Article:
KB: As a racer, I just want things that let me go fast and win. I see the EV revolution as a very unique and interesting thing. A lot of people just complain about the lack of noise but I enjoy developing new and amazing things so I’ve had an incredible time racing and developing various rally cars and gymkhana cars and working with great companies like M-Sport and the companies that build things like the Hoonicorn or us.

It’s been a lot of fun working with a company like Audi and helping to develop some of the systems and programming and ideas around things that you can do with an all wheel drive vehicle like this. It was just really cool. It’s an opportunity I just couldn’t pass up. I love working on new developments and thinking things differently and the idea of ​​developing a Gymkhana car from scratch with an incredible company like Audi is an opportunity I just couldn’t pass up.

Q: A recent quote from Ken Block that I’d like to share with you: “Electromobility is the future.” Is that how you see things?

KB: Yes, I mean, electric motors have been around for ages, but getting them to work for mobility like this hasn’t really been as accessible as it has been for the past five years. It really needs a push from the public saying, “Hey, that’s something we want!” That really helped push manufacturers to come up with some great new technologies.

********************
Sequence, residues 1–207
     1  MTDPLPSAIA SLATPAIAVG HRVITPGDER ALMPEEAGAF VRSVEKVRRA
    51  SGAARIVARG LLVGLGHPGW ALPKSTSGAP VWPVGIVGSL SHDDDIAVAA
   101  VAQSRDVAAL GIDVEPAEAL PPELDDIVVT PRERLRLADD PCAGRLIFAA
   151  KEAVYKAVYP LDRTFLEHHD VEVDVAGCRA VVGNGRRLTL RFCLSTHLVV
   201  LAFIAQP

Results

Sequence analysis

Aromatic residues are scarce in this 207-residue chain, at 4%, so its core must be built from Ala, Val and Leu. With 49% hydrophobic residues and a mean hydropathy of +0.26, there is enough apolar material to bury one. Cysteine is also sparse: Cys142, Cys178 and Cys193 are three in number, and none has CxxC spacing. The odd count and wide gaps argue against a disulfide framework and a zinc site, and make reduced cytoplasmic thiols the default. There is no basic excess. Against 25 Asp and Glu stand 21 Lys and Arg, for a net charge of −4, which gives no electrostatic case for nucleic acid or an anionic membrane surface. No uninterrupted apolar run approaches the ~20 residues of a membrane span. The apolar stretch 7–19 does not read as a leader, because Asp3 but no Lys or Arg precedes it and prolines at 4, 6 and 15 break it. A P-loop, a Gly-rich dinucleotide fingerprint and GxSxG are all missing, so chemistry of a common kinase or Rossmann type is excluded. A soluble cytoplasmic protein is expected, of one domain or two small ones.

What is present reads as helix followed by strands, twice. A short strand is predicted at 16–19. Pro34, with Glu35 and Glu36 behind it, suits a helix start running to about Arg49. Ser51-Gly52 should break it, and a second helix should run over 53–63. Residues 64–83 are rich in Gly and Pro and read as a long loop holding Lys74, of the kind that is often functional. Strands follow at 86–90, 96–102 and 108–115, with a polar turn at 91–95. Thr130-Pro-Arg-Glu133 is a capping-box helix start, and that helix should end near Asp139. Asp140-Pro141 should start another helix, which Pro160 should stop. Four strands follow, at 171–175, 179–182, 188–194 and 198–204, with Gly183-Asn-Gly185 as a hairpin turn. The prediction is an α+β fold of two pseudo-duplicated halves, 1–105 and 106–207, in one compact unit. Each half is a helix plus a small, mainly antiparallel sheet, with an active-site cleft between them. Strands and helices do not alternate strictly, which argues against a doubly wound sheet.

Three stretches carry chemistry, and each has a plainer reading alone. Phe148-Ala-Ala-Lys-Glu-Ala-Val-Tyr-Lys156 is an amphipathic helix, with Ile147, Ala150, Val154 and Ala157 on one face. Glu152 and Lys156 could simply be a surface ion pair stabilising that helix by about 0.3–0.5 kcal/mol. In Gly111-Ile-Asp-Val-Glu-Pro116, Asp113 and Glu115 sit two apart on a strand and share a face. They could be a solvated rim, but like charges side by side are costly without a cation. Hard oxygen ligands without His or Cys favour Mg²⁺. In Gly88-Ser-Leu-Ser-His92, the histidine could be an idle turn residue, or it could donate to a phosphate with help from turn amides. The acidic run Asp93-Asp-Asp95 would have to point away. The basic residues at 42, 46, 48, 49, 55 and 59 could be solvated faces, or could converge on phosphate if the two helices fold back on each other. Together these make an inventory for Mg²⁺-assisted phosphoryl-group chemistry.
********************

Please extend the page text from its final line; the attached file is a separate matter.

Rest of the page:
It’s by no means perfect. Do not get me wrong. I don’t think we’re anywhere near as good as it can be. But for me it’s really fun to be a part of this development and to see where this can lead and now see some benefits. There are things I can do with this Hoonitron that I just can’t do with my other cars, you know? I’m not limited by a gearbox, I’m not limited by the fact that you can’t go 50mph forward and backward in a regular car, but I can in an electric car! So, it’s cool stuff like this that just opens up different possibilities that are very interesting to me.

I’m all for progress and developing new things that make life better. If I can help in any way by making a little tire smoke to hopefully lighten things up and find more ways to improve mobility, I’m up for it.

Q: All of this can potentially have a profound impact on the automotive and aftermarket industry, right?